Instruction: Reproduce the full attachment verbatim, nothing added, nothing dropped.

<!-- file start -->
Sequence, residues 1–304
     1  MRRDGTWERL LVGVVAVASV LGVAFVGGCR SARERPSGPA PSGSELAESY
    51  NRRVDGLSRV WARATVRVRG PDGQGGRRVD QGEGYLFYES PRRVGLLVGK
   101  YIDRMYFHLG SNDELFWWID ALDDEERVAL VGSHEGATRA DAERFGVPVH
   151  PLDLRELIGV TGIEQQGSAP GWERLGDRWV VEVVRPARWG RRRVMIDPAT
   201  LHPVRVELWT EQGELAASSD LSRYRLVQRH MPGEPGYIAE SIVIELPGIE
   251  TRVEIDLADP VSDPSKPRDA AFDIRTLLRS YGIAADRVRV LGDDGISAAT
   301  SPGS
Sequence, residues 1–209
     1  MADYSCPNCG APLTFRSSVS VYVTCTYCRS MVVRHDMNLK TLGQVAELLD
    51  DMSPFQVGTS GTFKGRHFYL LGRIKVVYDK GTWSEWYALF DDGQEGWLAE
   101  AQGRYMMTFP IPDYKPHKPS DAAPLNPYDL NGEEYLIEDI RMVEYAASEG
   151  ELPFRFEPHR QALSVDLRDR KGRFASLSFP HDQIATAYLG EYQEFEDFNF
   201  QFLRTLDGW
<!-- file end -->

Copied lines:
Sequence, residues 1–304
     1  MRRDGTWERL LVGVVAVASV LGVAFVGGCR SARERPSGPA PSGSELAESY
    51  NRRVDGLSRV WARATVRVRG PDGQGGRRVD QGEGYLFYES PRRVGLLVGK
   101  YIDRMYFHLG SNDELFWWID ALDDEERVAL VGSHEGATRA DAERFGVPVH
   151  PLDLRELIGV TGIEQQGSAP GWERLGDRWV VEVVRPARWG RRRVMIDPAT
   201  LHPVRVELWT EQGELAASSD LSRYRLVQRH MPGEPGYIAE SIVIELPGIE
   251  TRVEIDLADP VSDPSKPRDA AFDIRTLLRS YGIAADRVRV LGDDGISAAT
   301  SPGS
Sequence, residues 1–209
     1  MADYSCPNCG APLTFRSSVS VYVTCTYCRS MVVRHDMNLK TLGQVAELLD
    51  DMSPFQVGTS GTFKGRHFYL LGRIKVVYDK GTWSEWYALF DDGQEGWLAE
   101  AQGRYMMTFP IPDYKPHKPS DAAPLNPYDL NGEEYLIEDI RMVEYAASEG
   151  ELPFRFEPHR QALSVDLRDR KGRFASLSFP HDQIATAYLG EYQEFEDFNF
   201  QFLRTLDGW